When offering on a house, a buyer has to do everything under the sun to make their offer more attractive. If they don’t, they’ll likely lose the home. Offers are almost always ending up way above the asking price.
When in a multiple offer situation, buyers are now offering to waive their appraisal to make the offer more attractive. It’s a way of trying to compete with cash offers. Appraisal contingencies are one less headache a seller will need to worry about.
You’ll need to lean on your buyer’s agent for guidance on structuring your offer without being too risky.
Low Down Payment Mortgages Such as VA Loans and FHA Loans Don’t Have Appraisal Waivers.
Loans backed by the Federal Housing Administration and The Veteran’s Administration do not have appraisal waivers.
These loan programs have low or no down payment requirements. While you don’t need a large down payment, the value of your home must be consistent with the appraisal.
Buyers don’t have the luxury of waiving appraisals with these loans. The sales price must match the appraised value; otherwise, the borrower will need to make up the difference. Most buyers who use these loan programs don’t have lots of extra cash available.
Due to today’s hot market, many home buyers are locked out of real estate transactions. They find it harder to make a home purchase because many sellers choose offers with higher down payments due to potential appraisal issues.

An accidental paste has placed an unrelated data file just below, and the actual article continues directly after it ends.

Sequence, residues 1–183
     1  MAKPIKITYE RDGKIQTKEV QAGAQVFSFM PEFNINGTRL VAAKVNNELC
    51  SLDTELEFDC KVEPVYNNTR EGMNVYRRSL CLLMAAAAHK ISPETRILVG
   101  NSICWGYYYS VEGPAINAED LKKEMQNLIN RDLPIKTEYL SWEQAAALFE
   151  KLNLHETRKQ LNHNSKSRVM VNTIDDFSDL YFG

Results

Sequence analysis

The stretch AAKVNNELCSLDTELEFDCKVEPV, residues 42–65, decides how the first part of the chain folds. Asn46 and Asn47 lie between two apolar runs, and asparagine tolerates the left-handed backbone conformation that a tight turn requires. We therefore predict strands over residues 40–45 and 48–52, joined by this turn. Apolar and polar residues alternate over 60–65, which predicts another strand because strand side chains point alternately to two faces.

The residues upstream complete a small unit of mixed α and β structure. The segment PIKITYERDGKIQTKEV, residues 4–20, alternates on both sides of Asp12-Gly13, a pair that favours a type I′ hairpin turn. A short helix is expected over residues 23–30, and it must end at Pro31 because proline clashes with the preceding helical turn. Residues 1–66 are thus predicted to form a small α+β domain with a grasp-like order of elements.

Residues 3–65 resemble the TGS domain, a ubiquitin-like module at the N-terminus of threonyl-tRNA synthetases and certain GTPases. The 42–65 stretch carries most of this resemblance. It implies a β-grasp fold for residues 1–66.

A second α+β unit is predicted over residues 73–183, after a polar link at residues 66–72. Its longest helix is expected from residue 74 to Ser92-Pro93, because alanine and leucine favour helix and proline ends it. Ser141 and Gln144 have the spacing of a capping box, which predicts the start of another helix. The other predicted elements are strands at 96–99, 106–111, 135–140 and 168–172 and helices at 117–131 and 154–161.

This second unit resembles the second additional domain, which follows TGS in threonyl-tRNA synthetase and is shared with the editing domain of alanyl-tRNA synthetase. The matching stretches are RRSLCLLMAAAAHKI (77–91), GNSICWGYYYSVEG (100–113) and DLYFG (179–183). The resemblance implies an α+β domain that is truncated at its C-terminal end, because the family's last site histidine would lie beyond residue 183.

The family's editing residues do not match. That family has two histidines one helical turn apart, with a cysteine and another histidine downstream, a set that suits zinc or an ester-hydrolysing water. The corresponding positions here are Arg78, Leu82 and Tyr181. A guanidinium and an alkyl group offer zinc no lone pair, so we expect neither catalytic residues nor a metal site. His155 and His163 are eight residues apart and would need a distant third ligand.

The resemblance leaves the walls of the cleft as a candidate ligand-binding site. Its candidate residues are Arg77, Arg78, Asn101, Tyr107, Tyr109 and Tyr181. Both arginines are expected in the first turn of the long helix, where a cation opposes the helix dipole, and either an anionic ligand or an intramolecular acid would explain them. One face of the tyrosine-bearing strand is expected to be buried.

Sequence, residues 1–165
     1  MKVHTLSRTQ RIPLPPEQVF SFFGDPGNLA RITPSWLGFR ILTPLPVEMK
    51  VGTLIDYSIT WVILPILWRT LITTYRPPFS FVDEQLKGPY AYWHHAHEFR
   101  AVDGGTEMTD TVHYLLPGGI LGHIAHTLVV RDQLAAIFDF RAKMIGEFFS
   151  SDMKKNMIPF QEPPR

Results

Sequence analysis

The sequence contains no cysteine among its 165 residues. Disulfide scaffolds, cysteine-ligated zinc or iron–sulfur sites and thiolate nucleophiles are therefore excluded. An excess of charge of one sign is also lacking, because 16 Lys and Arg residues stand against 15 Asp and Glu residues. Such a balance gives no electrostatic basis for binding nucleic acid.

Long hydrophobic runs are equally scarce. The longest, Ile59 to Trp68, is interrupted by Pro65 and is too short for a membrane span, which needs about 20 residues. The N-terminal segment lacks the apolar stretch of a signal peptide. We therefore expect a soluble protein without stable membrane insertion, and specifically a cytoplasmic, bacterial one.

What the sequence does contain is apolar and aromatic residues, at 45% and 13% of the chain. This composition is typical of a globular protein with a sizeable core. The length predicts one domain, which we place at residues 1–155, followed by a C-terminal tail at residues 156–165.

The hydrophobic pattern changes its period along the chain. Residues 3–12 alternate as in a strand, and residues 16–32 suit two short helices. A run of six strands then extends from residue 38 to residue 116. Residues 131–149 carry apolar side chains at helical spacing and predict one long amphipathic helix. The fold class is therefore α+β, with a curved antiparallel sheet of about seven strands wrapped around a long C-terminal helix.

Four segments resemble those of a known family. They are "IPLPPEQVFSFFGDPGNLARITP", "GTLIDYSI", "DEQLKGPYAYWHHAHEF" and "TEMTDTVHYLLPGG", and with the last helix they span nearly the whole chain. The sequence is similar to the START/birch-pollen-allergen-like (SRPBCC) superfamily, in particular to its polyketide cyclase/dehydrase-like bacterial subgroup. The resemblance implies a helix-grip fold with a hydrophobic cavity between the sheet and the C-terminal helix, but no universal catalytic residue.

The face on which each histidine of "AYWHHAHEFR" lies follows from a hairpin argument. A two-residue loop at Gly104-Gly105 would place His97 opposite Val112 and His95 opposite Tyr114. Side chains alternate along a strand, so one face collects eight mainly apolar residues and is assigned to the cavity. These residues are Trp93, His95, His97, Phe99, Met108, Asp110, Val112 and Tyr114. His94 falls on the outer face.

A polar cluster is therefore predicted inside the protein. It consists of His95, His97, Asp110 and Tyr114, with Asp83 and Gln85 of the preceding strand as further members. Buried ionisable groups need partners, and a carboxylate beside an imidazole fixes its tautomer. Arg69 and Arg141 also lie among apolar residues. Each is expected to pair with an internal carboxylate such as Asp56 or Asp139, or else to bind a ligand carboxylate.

Think about which loan program will be best before making a loan application or getting preapproved.
Summary of Pros and Cons of an Appraisal Waiver
To waive an appraisal means there are additional risks and rewards. Here is a summary of waiving an assessment.
- You will save on the expense of paying an appraisal fee.
- There will be no waiting for the appraisal to be completed.
- The loan process will be faster.
- You’ll likely be able to close faster.
- There will be no worry about making the house look great before the appraiser arrives when refinancing.
- There will not be a neutral third party evaluating the home value.
- The home sale price may be more than you should be paying.
- You’ll be avoiding another set of eyes evaluating any potential problems with the property.
- You can’t back out of the purchase with a low appraisal without an appraisal contingency.
When you buy a home, your finances are often stretched, and any savings you can make will look attractive. While you can save hundreds of dollars when they waive appraisal requirements, it could cost you more in the long run. A lender waived appraisal has advantages and disadvantages.
An appraisal with an appraiser who visits the home will give you some protection from paying too much for your property. It offers you a clearer understanding of whether you have paid the right amount for the home and potentially saving you many thousands on mortgage interest.
About the Author: The above Real Estate information on what waiving an appraisal means was provided by Bill Gassett, a Nationally recognized leader in his field. Bill can be reached via email at [email protected] or by phone at 508-625-0191. Bill has helped people move in and out of many Metrowest towns for 35+ Years.
Are you thinking of selling your home? I have a passion for Real Estate and love to share my marketing expertise!